There are two scenarios for cracking passwords, online and offline attacks.
Online Attacks. In this setting, the attacker does not possess a password-hash file, but actually tries to login with many different passwords. Most systems take a long time (in computer terms) to respond to a login — especially an incorrect login. This limits the effectiveness of this kind of attack. For instance, if it takes 2 seconds to get a "login failed" message, you can only try 30 passwords a minute. If you had an 8-character password, even if all characters were lowercase letters, if would take on average over 6,000 years to log in successfully in this scenario. Also, unsuccessful login attempts are usually logged, so that even a mildly vigilant system administrator would be aware that someone was attempting to hack into the account after a few minutes of trying.
Many systems employ throttling, in which the server starts introducing longer and longer delays as the same user tries more and more logins within a brief period. In fact, often systems lock an account if there are too many unsuccessful attempts in a short period of time. With this policy, an attacker couldn't possibly be successful unless he had narrowed down the password to one of a very small number of possibilities. So, in this scenario even a relatively short password will be relatively secure provided it is not easily guessable.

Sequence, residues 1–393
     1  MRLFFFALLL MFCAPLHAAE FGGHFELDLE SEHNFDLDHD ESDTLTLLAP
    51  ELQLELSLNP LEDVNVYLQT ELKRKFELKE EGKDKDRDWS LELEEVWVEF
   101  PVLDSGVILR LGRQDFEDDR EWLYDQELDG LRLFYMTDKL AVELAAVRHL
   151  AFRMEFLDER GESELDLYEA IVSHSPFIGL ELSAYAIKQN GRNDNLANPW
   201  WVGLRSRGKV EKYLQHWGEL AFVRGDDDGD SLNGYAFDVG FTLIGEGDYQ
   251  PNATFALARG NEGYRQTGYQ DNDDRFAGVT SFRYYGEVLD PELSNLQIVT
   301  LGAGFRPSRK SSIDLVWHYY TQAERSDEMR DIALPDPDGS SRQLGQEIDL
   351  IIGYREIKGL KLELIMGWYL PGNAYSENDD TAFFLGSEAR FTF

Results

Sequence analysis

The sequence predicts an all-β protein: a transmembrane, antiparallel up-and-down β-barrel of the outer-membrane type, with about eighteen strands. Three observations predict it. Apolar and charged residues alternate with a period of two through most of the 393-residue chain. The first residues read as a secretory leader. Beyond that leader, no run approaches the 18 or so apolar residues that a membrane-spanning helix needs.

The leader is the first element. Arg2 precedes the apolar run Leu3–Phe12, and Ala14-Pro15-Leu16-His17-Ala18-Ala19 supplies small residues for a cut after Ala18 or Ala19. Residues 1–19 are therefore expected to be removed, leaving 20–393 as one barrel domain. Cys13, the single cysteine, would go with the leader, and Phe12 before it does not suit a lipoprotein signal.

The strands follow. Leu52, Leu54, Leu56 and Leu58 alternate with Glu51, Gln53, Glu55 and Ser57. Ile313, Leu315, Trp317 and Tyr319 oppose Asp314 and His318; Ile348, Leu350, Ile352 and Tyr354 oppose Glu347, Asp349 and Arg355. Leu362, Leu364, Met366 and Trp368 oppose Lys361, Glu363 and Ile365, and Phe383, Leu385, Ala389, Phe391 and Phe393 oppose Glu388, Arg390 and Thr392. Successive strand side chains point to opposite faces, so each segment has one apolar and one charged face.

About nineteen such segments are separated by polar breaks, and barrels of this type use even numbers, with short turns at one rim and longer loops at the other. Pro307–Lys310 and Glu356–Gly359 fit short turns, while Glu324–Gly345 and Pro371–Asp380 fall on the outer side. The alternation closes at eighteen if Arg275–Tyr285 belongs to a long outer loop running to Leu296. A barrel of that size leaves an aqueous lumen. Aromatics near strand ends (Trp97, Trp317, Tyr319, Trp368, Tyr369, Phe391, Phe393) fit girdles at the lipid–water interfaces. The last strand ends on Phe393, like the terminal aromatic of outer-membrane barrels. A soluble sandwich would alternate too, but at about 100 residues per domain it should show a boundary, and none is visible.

A Really Bad Password The worst thing you can do is choose a password that's really common. The RockYou.com breach allows us all to see what some of these are. The five most common passwords of the 32 million that were stolen were:
So if you use one of those, you're making it really easy for people who want to break into your account. Think it doesn't happen? Check out this Feb 2012 Huffington Post story about how a Syrian official's emails were stolen because his password was 12345. Check out this article, which has a fun discussion of popular PINs.
LinkedIn Hacked ... and they didn't use salt! In the summer of 2012, the popular social media site linkedin.com had account information stolen, including password hashes. Shockingly, this very high-profile site was not salting passwords! They changed that immediately, of course, but it was a bit late at that point. The ACM Queue article LinkedIn Password Leak: Salt Their Hide has a good discussion of why this is so disastrous!